Agenus has announced a "strategic decision" to withdraw its Biologics License Application (BLA) for balstilimab, its PD-1 inhibitor for cervial cancer, following the full approval of Merck’s Keytruda — which came four months earlier than the FDA goal date.
According to Massachusetts-based Agenus, the withdrawal came at the recommendation of the FDA. "The U.S. FDA no longer considered it appropriate to review the BLA for accelerated approval and recommended Agenus withdraw," the company said in a press release.
The FDA can grant drugs accelerated approval when they address “a serious or life-threatening disease or condition.” For Agenus, this means that their drug (balstilimab) — which had a target action date of Dec. 16, 2021 — would have to prove it could improve upon the already existing treatment — which is now Keytruda.
The backstory? Keytruda was granted accelerated approval by the FDA in second-line cervical cancer in 2018. Earlier this month, Merck announced that Keytruda was approved as a first-line treatment for cervical cancer patients. At the same time, the FDA converted the accelerated approval of Keytruda in the second-line setting to a full approval based on confirmatory data from KEYNOTE-826.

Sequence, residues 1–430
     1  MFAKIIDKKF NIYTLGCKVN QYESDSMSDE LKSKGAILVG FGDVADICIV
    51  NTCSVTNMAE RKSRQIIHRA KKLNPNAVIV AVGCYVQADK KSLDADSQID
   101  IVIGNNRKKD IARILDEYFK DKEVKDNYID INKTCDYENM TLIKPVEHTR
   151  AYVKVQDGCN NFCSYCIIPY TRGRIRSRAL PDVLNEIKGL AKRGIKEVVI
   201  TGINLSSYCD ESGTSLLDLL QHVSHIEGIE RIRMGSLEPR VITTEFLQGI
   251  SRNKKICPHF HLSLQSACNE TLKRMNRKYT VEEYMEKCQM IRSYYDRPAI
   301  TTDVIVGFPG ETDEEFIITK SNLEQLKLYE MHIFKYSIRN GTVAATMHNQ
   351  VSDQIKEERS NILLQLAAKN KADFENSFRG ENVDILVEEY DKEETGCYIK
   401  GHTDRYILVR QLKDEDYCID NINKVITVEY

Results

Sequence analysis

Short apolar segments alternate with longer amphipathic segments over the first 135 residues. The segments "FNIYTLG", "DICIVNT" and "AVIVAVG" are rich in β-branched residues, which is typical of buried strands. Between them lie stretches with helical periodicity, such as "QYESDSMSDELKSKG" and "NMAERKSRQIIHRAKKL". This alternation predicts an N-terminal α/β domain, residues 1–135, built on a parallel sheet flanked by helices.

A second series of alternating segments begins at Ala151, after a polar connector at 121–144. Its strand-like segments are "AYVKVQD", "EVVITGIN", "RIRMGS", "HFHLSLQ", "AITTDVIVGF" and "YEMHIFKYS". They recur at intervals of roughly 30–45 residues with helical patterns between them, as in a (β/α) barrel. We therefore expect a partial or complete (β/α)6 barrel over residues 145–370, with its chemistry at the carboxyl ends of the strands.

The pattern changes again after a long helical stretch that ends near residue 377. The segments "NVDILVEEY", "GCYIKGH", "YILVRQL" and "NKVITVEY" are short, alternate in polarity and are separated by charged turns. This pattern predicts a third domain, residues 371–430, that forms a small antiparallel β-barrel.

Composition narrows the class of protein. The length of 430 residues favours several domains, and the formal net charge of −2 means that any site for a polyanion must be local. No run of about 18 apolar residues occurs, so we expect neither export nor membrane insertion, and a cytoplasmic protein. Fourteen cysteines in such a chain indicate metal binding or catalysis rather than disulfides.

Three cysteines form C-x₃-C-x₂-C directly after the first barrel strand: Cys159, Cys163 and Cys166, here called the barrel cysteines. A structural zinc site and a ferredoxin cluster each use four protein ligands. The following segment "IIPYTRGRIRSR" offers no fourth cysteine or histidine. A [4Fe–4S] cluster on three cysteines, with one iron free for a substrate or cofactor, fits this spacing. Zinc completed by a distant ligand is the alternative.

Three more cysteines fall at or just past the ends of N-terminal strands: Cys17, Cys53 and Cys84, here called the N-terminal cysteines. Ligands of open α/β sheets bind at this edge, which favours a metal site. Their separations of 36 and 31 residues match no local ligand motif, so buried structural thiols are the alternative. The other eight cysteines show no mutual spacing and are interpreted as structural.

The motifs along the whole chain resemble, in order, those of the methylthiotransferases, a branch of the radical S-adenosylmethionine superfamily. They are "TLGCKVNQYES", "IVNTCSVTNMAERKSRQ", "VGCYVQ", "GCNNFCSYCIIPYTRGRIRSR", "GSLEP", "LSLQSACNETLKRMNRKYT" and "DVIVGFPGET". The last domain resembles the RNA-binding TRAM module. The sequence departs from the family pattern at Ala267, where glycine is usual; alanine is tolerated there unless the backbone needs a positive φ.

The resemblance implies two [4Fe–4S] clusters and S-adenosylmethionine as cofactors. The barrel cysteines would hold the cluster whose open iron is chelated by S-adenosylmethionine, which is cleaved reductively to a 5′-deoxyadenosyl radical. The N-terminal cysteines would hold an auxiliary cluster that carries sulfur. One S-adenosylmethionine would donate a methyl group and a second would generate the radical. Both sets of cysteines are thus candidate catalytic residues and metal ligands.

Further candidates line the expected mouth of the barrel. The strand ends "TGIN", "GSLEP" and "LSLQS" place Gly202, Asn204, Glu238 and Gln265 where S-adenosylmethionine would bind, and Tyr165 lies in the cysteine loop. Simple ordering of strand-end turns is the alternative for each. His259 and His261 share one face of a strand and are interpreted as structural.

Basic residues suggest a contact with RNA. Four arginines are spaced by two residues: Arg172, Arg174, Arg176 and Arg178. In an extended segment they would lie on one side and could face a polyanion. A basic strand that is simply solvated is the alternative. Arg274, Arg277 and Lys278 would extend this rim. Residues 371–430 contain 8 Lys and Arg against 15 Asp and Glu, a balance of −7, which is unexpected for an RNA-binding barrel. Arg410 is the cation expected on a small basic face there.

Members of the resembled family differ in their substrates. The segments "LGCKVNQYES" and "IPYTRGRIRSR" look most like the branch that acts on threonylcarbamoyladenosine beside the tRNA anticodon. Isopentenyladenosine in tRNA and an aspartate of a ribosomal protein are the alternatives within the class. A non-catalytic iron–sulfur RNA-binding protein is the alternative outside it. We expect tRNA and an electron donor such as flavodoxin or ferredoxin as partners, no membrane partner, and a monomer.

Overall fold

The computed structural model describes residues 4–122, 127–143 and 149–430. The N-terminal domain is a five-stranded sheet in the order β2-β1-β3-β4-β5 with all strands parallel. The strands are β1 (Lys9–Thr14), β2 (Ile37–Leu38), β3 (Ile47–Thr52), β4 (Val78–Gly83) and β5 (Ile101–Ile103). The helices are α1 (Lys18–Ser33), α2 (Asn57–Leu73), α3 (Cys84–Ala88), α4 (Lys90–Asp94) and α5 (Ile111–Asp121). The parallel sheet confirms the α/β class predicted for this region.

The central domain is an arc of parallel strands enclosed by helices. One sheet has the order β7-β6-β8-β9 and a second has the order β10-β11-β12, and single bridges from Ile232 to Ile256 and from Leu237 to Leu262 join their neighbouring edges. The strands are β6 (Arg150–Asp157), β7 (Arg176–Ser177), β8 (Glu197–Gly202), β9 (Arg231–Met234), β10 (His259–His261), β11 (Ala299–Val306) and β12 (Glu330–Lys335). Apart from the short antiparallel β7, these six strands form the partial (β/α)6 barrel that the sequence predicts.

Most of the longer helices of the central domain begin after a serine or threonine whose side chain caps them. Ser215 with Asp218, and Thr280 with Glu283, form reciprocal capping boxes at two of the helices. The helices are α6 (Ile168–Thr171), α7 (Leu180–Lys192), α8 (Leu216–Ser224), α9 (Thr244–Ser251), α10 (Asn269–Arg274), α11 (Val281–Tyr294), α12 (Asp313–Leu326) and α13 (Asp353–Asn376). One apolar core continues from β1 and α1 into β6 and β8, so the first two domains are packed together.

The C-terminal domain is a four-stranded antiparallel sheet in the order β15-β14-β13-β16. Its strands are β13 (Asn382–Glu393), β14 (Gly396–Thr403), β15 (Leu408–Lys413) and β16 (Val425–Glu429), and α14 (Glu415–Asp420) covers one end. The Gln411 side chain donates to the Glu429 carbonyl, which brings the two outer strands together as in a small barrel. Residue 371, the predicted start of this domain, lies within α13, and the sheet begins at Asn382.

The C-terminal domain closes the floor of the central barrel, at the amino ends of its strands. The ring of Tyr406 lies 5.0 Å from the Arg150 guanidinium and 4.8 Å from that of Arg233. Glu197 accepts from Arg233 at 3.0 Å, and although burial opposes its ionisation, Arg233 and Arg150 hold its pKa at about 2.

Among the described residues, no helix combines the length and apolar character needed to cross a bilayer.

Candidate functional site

Essentially, Keytruda’s full approval blocked Agenus’ chances of accelerated approval.
In an Oct. 18 letter to Richard Pazdur, head of FDA’s oncology center of excellence, shared with media sources, Agenus CEO Garo Armen wrote, “This seemingly-quick approval of pembrolizumab hours before Agenus’s LCM [late-cycle meeting] suggests that FDA may have afforded special consideration to Merck, the sponsor of the pembrolizumab application.”
Agenus says it will discontinue its ongoing confirmatory trial (BRAVA) in the specific cervical cancer population. However, given the clinical benefit demonstrated by balstilimab, the drugmaker plans to launch expanded access programs to give patients and doctors access to the treatment in several countries, including the US, pending regulatory processes.